The get method of MyStaticClass Instance is static where he tries to return this. THIS will not work. The compiler will complain about this one. –  Alois Kraus May 9 '12 at 12:22

5 Answers 5

up vote 9 down vote accepted

There is no such thing as an instance of a static class. The singleton pattern simply returns the same instance of a class to repeated requests.

You may be getting confused by:

private static MyClass _myInstance;

This simply means that there will be a single instance of that particular object among all objects instantiated of the type that have _myInstance as a member.

A few notes:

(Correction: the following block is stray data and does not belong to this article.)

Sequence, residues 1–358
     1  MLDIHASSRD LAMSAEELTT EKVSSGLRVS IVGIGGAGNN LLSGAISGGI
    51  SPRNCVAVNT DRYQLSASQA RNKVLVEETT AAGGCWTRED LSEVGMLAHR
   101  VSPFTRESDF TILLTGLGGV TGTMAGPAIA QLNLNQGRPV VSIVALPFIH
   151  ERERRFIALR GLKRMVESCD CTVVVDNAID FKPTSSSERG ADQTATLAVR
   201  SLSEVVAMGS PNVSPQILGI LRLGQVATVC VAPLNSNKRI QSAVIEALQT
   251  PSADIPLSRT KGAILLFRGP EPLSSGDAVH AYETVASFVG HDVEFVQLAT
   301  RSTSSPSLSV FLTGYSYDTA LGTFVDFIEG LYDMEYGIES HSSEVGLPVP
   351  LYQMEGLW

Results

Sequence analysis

• The this keyword is not valid in a static member
  • If you have a static class then all members have to be static and so this will never be valid
  • A Singleton class cannot be a static class
  • Singletons declare a single static member to help ensure that only a single instance of that class exists
  • Note that a static reference to an object does not make the object static. Only the reference is static

Further reading: Jon Skeet has an excellent write up on implemeting Singletons in C# In Depth. I would suggest reading and studying this article until you grok it. It is quite good.

share|improve this answer
    
thanks, you have answered the first part of my question perfectly: "There is no such thing as an instance of a static class". But to add some more context (see my comments on @felix-k response). What i am trying to achieve is: I have a bunch of static methods in a static class, i want to return a reference to these as an object - what's the best way to do that? –  PeteN May 9 '12 at 13:22